A limited liability company, or LLC, will continue as an inactive entity, even without its owners, unless officially dissolved. The managers of a Nevada LLC can visit the Secretary of State’s website to file articles of dissolution. All of the information regarding dissolution provisions of the Nevada Limited Liability Company Act can be found on the site. Once the state accepts the articles of dissolution, the LLC officially dissolves.
Meet with Members and Agree on Dissolution
To begin dissolving your company, you’ll need to call a meeting of LLC members or owners. At the meeting, you will vote to dissolve the company and adopt a resolution. Be sure to pay all outstanding obligations of the company, and distribute the remaining assets to the members in accordance to their ownership interests. The Nevada Limited Liability Company Act requires an LLC to pay all debts and to distribute all of the remaining property and assets to the members before a company can officially dissolve.
Obtain Dissolution Paperwork
Dissolution paperwork is found in the business section on the website of the Nevada Secretary of State. Select the “Close a Business” link. Follow the “Limited Liability Company” link in the “Select Business Type” section. Download “Articles of Dissolution for a Nevada Limited-Liability Company.” This document is a one-page, state-approved, fill-in-the-blank PDF form for registering the dissolution with Nevada. Fill out the articles of dissolution with the name of the LLC and the signature of a manager or member stating debts are paid, assets are distributed, and there are no pending lawsuits against the LLC.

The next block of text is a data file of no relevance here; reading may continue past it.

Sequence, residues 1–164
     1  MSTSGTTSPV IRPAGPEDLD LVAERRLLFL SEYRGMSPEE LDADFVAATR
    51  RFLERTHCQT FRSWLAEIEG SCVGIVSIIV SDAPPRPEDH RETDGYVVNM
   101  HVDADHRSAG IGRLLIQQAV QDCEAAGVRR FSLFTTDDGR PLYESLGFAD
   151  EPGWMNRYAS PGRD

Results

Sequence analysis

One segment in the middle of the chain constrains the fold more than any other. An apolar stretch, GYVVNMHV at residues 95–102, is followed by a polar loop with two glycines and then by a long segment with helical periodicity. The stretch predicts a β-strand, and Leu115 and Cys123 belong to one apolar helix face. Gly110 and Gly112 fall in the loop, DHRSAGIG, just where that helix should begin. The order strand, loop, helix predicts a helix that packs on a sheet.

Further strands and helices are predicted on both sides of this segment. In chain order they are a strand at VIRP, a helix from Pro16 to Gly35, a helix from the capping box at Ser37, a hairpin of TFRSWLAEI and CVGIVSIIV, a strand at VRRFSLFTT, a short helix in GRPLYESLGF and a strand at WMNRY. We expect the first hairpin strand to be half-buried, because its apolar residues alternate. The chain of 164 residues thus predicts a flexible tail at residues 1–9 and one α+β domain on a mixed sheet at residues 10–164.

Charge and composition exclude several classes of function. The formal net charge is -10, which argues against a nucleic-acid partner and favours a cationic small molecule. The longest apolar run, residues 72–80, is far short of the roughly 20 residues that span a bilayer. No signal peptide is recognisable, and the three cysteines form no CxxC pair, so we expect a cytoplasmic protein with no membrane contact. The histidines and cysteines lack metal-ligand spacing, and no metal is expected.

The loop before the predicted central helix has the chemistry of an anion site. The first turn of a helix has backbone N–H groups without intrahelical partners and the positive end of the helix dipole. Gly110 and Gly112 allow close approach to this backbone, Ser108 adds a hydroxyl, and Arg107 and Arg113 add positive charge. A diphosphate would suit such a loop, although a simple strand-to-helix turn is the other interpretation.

File the Articles of Dissolution
Next file the articles of dissolution with the state. The articles can be mailed or filed in person, with a $100 filing fee. The dissolution is effective on the day the state accepts filing, unless you request a later date, which must be included with your submission. Additionally, this request must fall within a 90 day period.
Things to Remember
Dissolving an LLC with the state is only the first step in closing down a business. Be sure to notify customers or clients, handle closing accounts, and file final tax returns. One of our business experts or consultants at NCH, Inc. can provide you with the appropriate reference material for further information.